"Good night, Isabel."

Translation:Oidhche mhath Iseabail.

June 16, 2020

6 Comments
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https://www.duolingo.com/profile/RohaaLange

Why not a iseabail here?


https://www.duolingo.com/profile/phoenix7777777

There are a number of rules to apply for the vocative case/addressing someone:

"4. Vowels

Vowels in Gaelic hate each other. Specifically, they hate to be seen next to one another. When two vowels appear together in Gaelic, one is often dropped. This makes Gaelic streamlined, like a wet cormorant.

The vocative particle a is dropped before a vowel because of this vowel vendetta. Masculine names beginning with vowels still slenderise.

Aonghas (Angus - a man's name)

BROKE / WRONG - Halò, a Aonghais.

BESPOKE / RIGHT - Halò, Aonghais.

Ealasaid (Elizabeth - a woman's name)

BROKE / WRONG - Halò, a Ealasaid.

BESPOKE / CORRECT - Halò, Ealasaid. "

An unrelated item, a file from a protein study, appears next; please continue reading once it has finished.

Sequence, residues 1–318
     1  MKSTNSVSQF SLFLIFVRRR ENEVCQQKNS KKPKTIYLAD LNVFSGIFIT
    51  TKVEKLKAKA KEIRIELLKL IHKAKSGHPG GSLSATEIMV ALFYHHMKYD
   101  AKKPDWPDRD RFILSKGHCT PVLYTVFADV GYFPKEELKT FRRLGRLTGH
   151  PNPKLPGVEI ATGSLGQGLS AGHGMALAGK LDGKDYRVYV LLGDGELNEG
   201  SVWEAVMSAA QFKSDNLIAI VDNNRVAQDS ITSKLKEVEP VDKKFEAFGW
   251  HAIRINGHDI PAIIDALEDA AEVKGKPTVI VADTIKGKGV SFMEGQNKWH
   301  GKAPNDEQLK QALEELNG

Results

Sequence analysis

https://duome.eu/tips/en/gd


https://www.duolingo.com/profile/Conor697532

Thanks, Phoenix! I see that Aonghas became Aonghais in your example. We have to keep our eyes open and our heads on straight, don't we!!!


https://www.duolingo.com/profile/KamdynBailey

Why is it sometimes math and others mhath?


https://www.duolingo.com/profile/CFCUJY

When an adjective follows a feminine noun it is lenited where possible. "Oidhche" (night) is a feminine noun, so "math" has to be lenited and spelled "mhath" in this phrase.


https://www.duolingo.com/profile/TSmQPl

I would guess because sometimes it's masculine and sometimes feminim but I'm not 100% sure

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